Most know that being a conservative on a college campus puts you in the political minority; few understand the day-to-day plight of those who are outspoken.

Earlier this month, the Young Americans for Freedom chapter at the University of Florida hosted a speaking event featuring Bay Buchanan, who served as treasurer of the United States during the Reagan administration. Buchanan spoke on several subjects, with abortion as the headline topic. Although the event was successful, many members of YAF, including myself, faced tremendous, and at times, discouraging opposition.

In the days that preceded the event, our chapter — which is made up of truly wonderful, kind-hearted people — advertised the event on a campus-wide scale. We wrote event information in chalk on permitted, public areas and invited students within designated free speech zones, while tabling in Turlington Plaza.

Related: Pro-life messaging vandalized at University of Florida

Because the main topic of our event was abortion, members of our group held signs with statistics revealing the number of pregnancies terminated by abortions (22 to 25 percent) and quotes from Margaret Sanger such as: “But such attainment is unthinkable if we continue to breed from the present race stock that yields us our largest amount of progeny. Some method must be devised to eliminate the degenerate and the defective; for these act constantly to impede progress and ever increasingly drag down the human race.”

Although shocking, these are facts that students need to hear. Our goal was to present these statistics and quotes to students so they could decide what they believe for themselves. If they disagreed with our assertions, they would have the opportunity to question their validity. But some on campus not only disagreed with our assertions, they fundamentally did not want our message to be heard.

Many students vandalized our chalkings, some stole our signs, but the most hostile reaction came from an unexpected source — a university employee.

The day of our event with Buchanan, a woman (who UF students have identified on social media as a Ph.D. student and teaching assistant) tore down one of our signs, which contained the controversial Sanger quote about eugenics.

One of our members, who saw this happen, filmed the vandal and asked her why she believed she had the right to steal our sign. Initially, she kept yelling “Fake news!” and said she had the right to rip down the poster because she did not agree with or believe the quote on the poster was true. She then called my friend “defective.”

She quickly realized that she had been caught destroying property, and became so frustrated that she began cursing and physically assaulted my friend in an attempt to remove the phone from his hands.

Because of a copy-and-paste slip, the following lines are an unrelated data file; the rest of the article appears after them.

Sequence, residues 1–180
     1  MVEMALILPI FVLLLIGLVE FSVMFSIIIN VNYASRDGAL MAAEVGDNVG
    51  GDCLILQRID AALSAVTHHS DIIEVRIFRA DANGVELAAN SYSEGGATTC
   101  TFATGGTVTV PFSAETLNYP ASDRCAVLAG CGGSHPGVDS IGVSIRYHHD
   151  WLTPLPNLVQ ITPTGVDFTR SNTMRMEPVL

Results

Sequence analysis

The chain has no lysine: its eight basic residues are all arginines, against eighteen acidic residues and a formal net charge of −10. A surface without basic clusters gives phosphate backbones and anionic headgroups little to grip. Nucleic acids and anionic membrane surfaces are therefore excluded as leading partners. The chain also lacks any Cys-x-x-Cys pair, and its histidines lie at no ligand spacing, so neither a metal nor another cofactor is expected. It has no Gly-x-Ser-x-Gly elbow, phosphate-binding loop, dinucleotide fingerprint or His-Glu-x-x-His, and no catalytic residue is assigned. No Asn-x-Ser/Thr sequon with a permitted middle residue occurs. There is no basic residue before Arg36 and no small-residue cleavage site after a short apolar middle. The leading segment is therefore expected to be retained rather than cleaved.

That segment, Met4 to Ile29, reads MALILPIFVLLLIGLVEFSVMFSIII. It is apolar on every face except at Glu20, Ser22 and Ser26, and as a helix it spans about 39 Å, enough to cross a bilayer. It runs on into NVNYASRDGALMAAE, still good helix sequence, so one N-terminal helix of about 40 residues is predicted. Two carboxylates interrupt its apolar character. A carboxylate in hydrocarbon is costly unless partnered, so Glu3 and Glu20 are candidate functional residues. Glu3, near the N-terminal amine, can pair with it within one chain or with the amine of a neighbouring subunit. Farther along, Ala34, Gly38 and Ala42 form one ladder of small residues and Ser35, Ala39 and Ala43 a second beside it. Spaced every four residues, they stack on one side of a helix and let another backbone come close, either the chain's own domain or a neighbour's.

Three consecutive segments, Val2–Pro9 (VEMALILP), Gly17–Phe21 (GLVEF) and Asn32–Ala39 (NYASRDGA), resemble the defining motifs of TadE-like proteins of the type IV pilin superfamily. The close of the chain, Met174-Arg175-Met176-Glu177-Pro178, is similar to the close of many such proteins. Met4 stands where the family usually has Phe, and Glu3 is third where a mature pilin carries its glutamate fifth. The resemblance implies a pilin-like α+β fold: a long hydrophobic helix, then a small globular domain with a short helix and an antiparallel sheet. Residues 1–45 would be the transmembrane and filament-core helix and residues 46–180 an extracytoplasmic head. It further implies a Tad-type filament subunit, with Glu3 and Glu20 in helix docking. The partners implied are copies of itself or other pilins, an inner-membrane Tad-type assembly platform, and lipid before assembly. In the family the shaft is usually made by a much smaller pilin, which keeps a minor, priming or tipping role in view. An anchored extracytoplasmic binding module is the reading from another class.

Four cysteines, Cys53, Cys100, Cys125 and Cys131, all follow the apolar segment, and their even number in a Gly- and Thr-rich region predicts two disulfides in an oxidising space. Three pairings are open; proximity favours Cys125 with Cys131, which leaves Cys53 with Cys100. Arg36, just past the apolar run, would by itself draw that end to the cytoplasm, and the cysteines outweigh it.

Watching the recording, I was absolutely aghast. I was not able to immediately internalize that an employee of my campus had insulted and assaulted someone I knew because he wanted to engage in civil discourse. She had, in that moment, personified bigotry.

In the past few years, bigotry against conservatives has permeated the political environment on college campuses throughout the United States. We, as a country, cannot let bigotry continually manifest itself in any form.

President Ronald Reagan put it best when he said, “We must never remain silent in the face of bigotry. We must condemn those who seek to divide us. In all quarters and at all times, we must teach tolerance and denounce racism, anti-Semitism and all ethnic or religious bigotry wherever they exist as unacceptable evils. We have no place for haters in America — none, whatsoever.”

On numerous occasions, conservative students like me have been insulted and demeaned, but we cannot allow bigotry to manifest itself in the form of violence. Politics has always been divisive. But for the first time, we are witnessing an attitudinal shift on college campuses that will bring the next generation of Americans to a crossroads. If our institutions of education do not start upholding civil discourse among all students, no matter their sex, race, ethnicity, religion, or personal political beliefs, we could witness our freedom of speech wither away.

So in the face of bigotry, I will not remain silent. I will raise my voice.

Editor's note: The University of Florida confirmed to Red Alert Politics that the woman in the video is an employee of the university, but would not identify her. "[T]he situation should have been handled in a different fashion. The employee exceeded the scope of her roles and responsibilities, and should have reached out to a university official to address any concerns," said Janine Sikes, the university's assistant vice president of public affairs.

Anthony Leonardi is a student at the University of Florida, a member of the UF Young Americans for Freedom chapter, and the founder of ThinkOutsidePolitics.com